15. Mosquitoes are attracted to the carbon dioxide, lactic acid and octenol found in our breath and sweat. They may have a preference for beer drinkers.
16. Mosquitoes can sense carbon dioxide up to at distances of 25 to 35 meters. Since human beings exhale carbon dioxide through the nose and mouth, mosquitoes are attracted to our heads, perhaps leading to more incidents of “self-slapping while sleeping” than any other cause. Bigger people are often more attractive to mosquitoes because they are larger targets and they produce more mosquito attractants, namely CO2 and lactic acid. Active people also produce more CO2. 
17. Smelly feet are attractive to certain species of mosquitoes – as is Limburger Cheese. and lactic acid.
18. The smell of chocolate confuses them. The carbon dioxide we exhale excites and attracts mosquitoes, which is a bummer since we can’t exactly stop breathing to prevent their stealthy attacks. But researchers have found that certain scents – some of them minty, some fruity, and some that smell like caramelized chocolate – can stun the buzzing bugs’ carbon dioxide sensors, thus making it harder to find their next dinner.
19. Dark clothing has been shown to attract some species of mosquitoes more than lighter colored clothing.
20.Mosquitoes fly an estimated 1 to 1.5 miles per hour. That might sound fast, but in the insect world, mosquitoes are actually rather slow. If a race were held between all the flying insects, even butterflies would finish well ahead of the skeeter.
21. A mosquito's wings beat 300-600 times per second.
This would explain that irritating buzzing sound you hear just before a mosquito lands on you and bites.
22. Mosquito mates synchronize their wing beats to perform a lover's duet.
Scientists once thought that only male mosquitoes could hear the wing beats of their potential mates, but recent research on Aedes aegypti mosquitoes proved females listen for lovers, too. When the male and female meet, their buzzing synchronizes to the same speed.
23. Salt marsh mosquitoes may travel up to 100 miles from their larval breeding habitat.
Most mosquitoes emerge from their watery breeding ground and stay pretty close to home. But some, like the salt marsh mosquitoes, will fly lengthy distances to find a suitable place to live, with all the nectar and blood they could want to drink.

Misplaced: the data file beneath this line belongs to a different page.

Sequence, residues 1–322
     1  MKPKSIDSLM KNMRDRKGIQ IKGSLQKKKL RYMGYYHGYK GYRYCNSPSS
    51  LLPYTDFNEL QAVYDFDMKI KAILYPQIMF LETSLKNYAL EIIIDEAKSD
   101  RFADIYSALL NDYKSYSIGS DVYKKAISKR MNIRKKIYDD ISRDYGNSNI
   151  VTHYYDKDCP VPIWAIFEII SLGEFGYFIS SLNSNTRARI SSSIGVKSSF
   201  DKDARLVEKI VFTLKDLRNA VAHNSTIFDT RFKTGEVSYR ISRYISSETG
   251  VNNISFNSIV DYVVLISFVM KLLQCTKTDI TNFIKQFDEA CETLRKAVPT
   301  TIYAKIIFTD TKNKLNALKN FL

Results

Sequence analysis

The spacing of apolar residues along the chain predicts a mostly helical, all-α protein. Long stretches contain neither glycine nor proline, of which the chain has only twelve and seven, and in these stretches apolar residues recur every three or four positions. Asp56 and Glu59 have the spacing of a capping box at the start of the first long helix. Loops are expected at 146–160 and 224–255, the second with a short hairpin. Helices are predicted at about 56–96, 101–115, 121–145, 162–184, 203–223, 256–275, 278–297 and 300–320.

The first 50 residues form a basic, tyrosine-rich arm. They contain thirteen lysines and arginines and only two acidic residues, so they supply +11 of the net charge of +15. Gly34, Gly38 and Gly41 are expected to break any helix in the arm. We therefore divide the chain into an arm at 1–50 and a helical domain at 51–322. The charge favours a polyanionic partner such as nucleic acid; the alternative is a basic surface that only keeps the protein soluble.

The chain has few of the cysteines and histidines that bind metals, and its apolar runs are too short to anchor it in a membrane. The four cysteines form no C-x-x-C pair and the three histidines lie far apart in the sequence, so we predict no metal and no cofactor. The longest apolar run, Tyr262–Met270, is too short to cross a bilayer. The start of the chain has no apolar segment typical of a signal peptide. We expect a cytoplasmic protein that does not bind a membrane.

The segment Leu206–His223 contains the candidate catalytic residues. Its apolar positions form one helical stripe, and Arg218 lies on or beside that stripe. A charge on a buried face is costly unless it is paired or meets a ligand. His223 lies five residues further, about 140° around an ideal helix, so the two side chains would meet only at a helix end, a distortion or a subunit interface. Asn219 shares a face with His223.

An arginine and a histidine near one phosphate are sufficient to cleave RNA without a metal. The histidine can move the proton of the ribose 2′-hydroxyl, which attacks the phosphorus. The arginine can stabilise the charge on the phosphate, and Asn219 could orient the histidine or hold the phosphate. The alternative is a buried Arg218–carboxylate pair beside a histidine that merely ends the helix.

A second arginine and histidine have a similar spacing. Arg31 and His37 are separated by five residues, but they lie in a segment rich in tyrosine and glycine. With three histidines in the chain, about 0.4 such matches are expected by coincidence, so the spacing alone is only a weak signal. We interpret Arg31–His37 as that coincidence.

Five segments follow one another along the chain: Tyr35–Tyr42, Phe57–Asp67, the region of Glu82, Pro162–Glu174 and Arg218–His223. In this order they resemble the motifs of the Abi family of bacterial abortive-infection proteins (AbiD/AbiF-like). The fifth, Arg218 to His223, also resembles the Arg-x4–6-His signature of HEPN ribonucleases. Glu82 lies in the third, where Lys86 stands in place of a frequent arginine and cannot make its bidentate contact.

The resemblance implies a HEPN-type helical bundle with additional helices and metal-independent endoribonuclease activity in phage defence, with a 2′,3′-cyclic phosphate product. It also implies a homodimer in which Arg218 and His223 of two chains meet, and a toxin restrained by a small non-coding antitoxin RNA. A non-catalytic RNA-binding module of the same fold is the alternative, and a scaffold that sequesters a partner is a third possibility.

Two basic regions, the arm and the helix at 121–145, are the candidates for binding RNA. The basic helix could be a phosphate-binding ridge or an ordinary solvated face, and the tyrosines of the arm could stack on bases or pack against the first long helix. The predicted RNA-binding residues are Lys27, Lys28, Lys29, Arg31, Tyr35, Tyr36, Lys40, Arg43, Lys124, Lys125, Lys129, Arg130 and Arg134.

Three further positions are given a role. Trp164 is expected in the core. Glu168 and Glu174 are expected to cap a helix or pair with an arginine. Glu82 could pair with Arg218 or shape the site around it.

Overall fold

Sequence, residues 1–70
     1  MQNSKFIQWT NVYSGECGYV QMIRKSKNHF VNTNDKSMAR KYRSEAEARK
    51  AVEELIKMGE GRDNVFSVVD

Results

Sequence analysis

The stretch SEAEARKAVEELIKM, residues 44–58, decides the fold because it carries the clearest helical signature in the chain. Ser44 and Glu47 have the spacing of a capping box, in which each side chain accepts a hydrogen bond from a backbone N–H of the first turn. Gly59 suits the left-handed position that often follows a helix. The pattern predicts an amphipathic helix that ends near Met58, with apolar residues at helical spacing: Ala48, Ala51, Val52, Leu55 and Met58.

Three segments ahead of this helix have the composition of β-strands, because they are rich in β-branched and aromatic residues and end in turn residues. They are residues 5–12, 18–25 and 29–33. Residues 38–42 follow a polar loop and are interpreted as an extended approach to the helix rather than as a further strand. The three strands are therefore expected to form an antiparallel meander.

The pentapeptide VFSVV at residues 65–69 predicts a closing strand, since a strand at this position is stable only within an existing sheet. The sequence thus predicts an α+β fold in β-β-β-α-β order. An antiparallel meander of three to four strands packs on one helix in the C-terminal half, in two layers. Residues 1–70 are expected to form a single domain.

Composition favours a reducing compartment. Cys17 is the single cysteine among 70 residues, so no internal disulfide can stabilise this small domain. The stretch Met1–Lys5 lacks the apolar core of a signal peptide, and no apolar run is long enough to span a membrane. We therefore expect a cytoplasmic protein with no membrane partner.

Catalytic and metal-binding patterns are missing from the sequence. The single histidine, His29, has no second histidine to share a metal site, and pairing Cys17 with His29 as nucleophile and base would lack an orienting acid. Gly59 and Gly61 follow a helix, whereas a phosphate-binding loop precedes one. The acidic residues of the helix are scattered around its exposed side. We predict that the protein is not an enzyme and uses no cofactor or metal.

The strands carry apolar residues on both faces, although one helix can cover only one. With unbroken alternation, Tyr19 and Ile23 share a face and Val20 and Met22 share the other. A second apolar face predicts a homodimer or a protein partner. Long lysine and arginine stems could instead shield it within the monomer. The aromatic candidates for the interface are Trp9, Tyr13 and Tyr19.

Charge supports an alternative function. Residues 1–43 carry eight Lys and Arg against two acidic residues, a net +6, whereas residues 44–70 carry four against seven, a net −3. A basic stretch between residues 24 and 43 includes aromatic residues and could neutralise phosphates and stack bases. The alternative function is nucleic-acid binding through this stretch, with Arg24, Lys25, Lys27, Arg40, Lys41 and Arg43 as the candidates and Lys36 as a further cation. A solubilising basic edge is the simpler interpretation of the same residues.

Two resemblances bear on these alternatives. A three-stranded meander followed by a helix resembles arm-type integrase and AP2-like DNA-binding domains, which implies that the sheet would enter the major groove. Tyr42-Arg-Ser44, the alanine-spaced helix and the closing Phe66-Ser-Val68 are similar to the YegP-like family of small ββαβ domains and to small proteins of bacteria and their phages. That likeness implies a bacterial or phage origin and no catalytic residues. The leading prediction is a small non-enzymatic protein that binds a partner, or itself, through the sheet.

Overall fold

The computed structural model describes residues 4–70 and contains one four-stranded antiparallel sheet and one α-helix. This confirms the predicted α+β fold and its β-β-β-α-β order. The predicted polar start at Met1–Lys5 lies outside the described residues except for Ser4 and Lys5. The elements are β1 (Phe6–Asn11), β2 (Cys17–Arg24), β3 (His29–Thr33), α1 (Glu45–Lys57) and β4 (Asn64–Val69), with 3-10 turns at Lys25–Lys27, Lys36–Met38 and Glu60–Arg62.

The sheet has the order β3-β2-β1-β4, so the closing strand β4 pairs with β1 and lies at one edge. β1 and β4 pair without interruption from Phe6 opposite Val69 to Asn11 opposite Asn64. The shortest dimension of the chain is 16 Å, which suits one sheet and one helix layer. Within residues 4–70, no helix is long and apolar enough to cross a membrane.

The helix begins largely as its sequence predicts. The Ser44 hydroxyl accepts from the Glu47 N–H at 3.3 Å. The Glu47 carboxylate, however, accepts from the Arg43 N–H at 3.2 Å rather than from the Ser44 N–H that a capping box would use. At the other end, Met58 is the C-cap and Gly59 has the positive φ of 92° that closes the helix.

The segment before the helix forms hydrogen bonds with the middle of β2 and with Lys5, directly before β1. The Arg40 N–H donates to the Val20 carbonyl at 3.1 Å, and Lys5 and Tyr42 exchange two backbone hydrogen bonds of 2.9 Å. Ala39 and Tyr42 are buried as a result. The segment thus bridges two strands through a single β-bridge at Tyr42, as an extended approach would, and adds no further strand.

24. Mosquitoes generally fly below 25 feet. However, some species have also been found at extraordinary heights, including 8,000 feet up in the Himalayas.

Sources:

Some Not So Fun Facts About Mosquitoes documentsmall

  1. Mosquitoes are the deadliest animals on Earth. Many mosquito species are vectors of disease. They can carry and transmit disease-causing organisms such as viruses, bacteria and worms, from host to host. In fact they are the deadliest animals in the world. Beware the dangers of tigers, sharks, snakes? Actually, fear the mosquito, the most lethal creature on the planet. More deaths are caused by mosquitoes than any other animal, thanks to bugs' aid in spreading malaria, dengue fever, yellow fever and encephalitis.  
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  1. Malaria infects around 250 million people each year worldwide and kills about one million, mostly children in Africa. A single malarial mosquito can infect more than 100 people; and according to the World Health Organization, malaria kills a child every 45 seconds in Africa. About a fifth of those deaths can be attributed to counterfeit anti-malarial drugs.
  2. Birds were originally blamed for the spread of the West Nile Virus. But a 2010 study says that it was the mosquitoes themselves, which can travel up to 2.5 miles per day, that were responsible for the spread of the disease from 2001 to 2004.
  3. Alexander the Great may have died from a mosquito bite. The King of Macedonia and conqueror of the Persian Empire, never lost a battle and is considered one of history's most successful commanders, but he may have met his final defeat at a mosquito infected with West Nile virus.
    George Washington suffered from malaria. George contracted the disease when he was a teenager. In the second year of his presidency, he experienced severe hearing loss due to quinine toxicity.
  4. Viruses increase their bloodlust. Female mosquitoes already have an unquenchable need for blood, but researchers have found that the dengue virus, which the mosquitoes transmit to humans, makes them even hungrier for the red stuff. The virus manipulates the insect’s genes to make them thirstier for blood; it also activates genes to increase the mosquitoes' sense of smell to become better hunters.
  5. Parasites make them go nuts for dirty socks. Not only do parasites live on and feed from their hosts, but can also manipulate the behavior of their hosts to increase their odds of spreading. Scientists have shown that mosquitoes infected with the malaria parasite are drawn to the smell of human sweat, as was evidenced in experiments with the use of a well-worn sock.
  6. Mosquitoes feed day and night. The majority of the species are really crepuscular which means that they feed at dawn or dusk. Whereas the Asian tiger mosquito is one of these that primarily feed in daytime.